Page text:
India has closely guarded the details of its nuclear posture since it became an overt nuclear weapons state in 1998. Its entire nuclear journey has been shrouded in remarkable secrecy.
Like its fellow members of the club it is addicted to power. It enjoys submitting to it, the aesthetic of it. I would venture to say that it is not concerned with any practical reality, but with hypotheses or dogma. Its to old to care. With its sense of hierarchy which contributes to the bafflement of India reality is a deception.
Indian acquired its nuclear weapons with the intention of deterring China’s territorial ambitions. It failed to achieve that purpose and—worse—provoked a weaker power, Pakistan, to develop a nuclear deterrent to its benefit. China pursued a policy until the early 1990s of supporting Pakistan’s nascent nuclear program, a move very much directed at containing India. Chinese assistance proved an impetus for India’s nuclear-weapon pursuit, not the other way around.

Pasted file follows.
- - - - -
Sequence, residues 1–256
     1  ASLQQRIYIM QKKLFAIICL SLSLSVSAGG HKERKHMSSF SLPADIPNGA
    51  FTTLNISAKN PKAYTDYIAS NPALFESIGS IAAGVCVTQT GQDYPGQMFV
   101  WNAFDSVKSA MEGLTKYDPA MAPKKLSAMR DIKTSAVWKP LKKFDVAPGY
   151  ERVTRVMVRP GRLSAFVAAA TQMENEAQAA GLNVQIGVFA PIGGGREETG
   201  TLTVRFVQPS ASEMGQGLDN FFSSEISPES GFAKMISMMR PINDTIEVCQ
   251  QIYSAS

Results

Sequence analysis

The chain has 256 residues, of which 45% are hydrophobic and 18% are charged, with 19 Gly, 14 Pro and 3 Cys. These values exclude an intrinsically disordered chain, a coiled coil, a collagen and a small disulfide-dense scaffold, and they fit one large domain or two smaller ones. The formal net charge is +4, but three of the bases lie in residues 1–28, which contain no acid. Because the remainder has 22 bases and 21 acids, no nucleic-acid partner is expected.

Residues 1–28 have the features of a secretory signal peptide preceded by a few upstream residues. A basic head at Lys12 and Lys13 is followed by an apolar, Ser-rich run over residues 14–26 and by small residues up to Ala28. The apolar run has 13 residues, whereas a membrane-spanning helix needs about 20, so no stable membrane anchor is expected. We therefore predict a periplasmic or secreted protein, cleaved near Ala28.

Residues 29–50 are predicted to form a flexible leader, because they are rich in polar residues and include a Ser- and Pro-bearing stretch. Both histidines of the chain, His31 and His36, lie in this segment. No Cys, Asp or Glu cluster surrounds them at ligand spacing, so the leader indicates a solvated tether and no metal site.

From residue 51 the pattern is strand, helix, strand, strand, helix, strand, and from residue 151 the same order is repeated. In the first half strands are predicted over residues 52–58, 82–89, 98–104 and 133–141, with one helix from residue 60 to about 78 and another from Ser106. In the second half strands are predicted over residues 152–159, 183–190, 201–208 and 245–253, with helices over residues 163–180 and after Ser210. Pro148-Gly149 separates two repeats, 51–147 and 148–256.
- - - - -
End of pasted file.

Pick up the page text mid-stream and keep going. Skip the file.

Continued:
For a relatively mature democracy with a vibrant political culture, the level of opacity surrounding India’s nuclear posture is extraordinary.
A pluralistic, multilingual and multicultural society that these days has no need for a Nuclear Warhead. India voted against the UN General Assembly resolution endorsing the Comprehensive Test Ban Treaty (CTBT) or the Non-Proliferation Treaty (NPT) which was adopted on September 10, 1996.